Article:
by Zhong-Xian Wu
This book describes the story of the sufferings of the Chinese people during the two regimes since the founding of the republic by Dr. Sun Yat-sen in 1911, the Dark Age of China covering the reign of Guomingdang in Nanking and part of that of the Communists in Beijing. The author of this book is a scientist educated in the modern style like that in Europe or America, and only molded by the teachings of ancient Chinese philosophers later. He is therefore more objective than the poet Wu Mi or his adversary Husih who may be depicted as old wine in a new bottle while our writer here may be designated as new wine in an old bottle.
The distinction is clear, for they belong to different generations. Since their biological heritage may be largely similar, education must be the chief factor determining their political views. Though these may seem to differ among the two groups, the distinction appears little enough compared with that between them and their boss who ruled the republic, and imposed upon them the tyranny which caused the disasters suffered by the populace its victims.
The main reason for the present book is therefore an attempt to account for this catastrophe and to see that it won't recur in the future, not only in China but in the whole world. It's a scandalous page of history of the most savage and stupid kind that had best be forgotten yet must be remembered to forestall its recursion to our descendants! Again it's a warning to the people not to let politicians of such type climb the top to endanger the cultured life of man! If anything, this book has shown the hideousness of two rogues that have nearly destroyed China with her more than five thousand years of civilization! Quoth Confucius, "What you would not have others do to you, don't do to others." This is a principle that is widely applicable in human relations. A government that rules according to this principle is infallible! A nation that observes the same principle will ever be on affable terms with its neighbors! This is the foundation of the faith of our government and our people, just as our Olympic slogan, 'One world, one dream!' claims. May such noble and healthy aspirations of our people be fulfilled! If this chronicle could make people pause a while to reflect on the issues involved, especially in this nuclear age, the author will have been gratified that his time in composing this little booklet has not been fully wasted.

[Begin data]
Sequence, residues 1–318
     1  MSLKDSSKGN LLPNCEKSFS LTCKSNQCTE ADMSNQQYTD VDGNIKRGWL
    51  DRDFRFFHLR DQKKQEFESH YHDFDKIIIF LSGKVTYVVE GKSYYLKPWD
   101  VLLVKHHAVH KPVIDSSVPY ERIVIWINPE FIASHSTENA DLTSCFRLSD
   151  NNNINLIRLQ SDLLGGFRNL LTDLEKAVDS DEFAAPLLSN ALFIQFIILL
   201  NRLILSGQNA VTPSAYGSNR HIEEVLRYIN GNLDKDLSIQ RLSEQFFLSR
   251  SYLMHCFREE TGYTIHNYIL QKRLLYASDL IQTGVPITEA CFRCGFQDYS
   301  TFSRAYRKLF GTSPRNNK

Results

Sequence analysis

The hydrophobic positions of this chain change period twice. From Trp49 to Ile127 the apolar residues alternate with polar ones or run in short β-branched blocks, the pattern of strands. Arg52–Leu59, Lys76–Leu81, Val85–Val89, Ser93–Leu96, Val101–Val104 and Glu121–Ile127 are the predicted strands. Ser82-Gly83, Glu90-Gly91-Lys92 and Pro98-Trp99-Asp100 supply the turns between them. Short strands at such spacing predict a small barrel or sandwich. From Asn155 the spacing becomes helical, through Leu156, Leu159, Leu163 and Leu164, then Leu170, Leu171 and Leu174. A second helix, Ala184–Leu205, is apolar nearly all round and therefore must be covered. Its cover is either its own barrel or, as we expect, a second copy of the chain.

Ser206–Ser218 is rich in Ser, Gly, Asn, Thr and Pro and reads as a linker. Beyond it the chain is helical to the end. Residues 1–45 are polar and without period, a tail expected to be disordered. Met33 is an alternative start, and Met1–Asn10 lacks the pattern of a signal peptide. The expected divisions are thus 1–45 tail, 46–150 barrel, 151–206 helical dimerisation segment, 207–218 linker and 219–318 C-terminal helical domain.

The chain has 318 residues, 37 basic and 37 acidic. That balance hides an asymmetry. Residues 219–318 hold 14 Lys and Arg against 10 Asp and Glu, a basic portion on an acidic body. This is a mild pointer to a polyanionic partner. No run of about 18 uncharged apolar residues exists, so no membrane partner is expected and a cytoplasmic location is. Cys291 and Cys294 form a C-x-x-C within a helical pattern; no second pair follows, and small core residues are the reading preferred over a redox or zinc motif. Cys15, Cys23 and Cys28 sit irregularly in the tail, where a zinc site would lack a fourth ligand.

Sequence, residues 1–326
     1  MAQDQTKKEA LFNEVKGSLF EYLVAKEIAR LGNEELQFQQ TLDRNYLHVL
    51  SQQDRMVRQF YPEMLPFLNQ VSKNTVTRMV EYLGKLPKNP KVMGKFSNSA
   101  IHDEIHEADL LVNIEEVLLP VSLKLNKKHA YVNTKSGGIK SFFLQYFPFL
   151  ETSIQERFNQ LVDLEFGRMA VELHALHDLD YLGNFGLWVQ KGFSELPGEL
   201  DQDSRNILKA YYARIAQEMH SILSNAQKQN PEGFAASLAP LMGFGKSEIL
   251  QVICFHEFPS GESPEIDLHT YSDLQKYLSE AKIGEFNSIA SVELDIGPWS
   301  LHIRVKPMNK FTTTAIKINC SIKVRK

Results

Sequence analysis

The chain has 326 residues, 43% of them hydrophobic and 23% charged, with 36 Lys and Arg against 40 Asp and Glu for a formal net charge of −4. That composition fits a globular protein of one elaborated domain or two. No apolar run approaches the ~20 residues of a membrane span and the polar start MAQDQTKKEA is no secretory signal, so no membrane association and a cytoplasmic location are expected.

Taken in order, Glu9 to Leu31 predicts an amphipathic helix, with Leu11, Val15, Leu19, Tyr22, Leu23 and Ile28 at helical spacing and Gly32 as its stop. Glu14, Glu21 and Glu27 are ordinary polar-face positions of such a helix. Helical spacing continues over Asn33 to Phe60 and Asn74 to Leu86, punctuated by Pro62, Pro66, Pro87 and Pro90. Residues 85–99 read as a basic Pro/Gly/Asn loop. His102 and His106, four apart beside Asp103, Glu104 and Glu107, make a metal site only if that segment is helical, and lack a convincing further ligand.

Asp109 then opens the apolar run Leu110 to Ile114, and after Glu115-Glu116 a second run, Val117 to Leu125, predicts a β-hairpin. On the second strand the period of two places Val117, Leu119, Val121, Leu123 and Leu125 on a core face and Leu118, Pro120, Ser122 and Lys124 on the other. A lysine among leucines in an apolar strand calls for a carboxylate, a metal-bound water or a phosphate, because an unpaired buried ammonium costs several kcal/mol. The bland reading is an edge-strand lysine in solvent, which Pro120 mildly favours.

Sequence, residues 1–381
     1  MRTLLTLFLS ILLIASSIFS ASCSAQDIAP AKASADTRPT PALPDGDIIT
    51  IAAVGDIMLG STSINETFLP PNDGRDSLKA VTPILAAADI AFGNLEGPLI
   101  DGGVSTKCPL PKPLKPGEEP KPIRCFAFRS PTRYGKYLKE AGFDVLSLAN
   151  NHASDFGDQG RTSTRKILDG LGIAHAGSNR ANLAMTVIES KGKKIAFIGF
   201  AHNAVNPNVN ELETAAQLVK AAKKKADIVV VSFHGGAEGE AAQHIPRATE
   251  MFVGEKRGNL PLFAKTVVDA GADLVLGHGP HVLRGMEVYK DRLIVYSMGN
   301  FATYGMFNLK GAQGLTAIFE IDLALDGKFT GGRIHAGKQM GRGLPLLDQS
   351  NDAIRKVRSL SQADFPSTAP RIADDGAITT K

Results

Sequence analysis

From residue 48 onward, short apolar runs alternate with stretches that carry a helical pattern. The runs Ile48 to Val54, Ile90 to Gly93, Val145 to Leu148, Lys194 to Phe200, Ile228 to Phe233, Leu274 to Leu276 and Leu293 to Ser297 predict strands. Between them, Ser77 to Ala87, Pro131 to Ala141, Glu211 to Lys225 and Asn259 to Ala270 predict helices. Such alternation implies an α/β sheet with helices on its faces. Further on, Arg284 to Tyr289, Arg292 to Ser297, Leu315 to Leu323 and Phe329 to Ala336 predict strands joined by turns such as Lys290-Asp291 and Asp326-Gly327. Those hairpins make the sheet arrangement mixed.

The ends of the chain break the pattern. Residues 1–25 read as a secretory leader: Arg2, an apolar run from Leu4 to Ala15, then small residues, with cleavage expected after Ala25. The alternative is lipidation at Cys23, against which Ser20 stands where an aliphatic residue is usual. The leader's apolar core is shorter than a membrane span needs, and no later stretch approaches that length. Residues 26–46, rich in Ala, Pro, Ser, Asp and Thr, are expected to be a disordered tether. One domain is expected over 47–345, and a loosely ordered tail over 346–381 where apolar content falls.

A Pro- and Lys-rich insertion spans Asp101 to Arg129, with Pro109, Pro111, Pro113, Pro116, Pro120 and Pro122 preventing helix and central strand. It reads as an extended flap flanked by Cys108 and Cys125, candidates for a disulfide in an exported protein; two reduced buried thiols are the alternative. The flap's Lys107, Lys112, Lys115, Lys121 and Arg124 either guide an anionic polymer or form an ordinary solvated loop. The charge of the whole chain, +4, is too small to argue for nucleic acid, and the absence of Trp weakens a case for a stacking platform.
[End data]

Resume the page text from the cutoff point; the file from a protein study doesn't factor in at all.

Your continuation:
ABOUT THE AUTHOR
The author of the book An Excursion to the Kingdom of Gods is a professor of Science in a famous university in Beijing. He studied biology and graduated from Yale-in-China University, was baptized, but enrolled in a postgraduate school as a student of Arts, whence he had access to ancient Chinese philosophy and English literature. His distinctive feature is, he accepted western culture before he became interested and versed in Chinese culture. He belongs to the generation that grew up immediately in the early years of the republic, after the fall of the Emperor, and is known as men of the thirties which characterized most of the intellectuals of the period. His foreign education was largely received from UK, where he went before the outbreak of World War II, which colored his views for a search for the third road in world affairs.
(2006, paperback, 122 pages)
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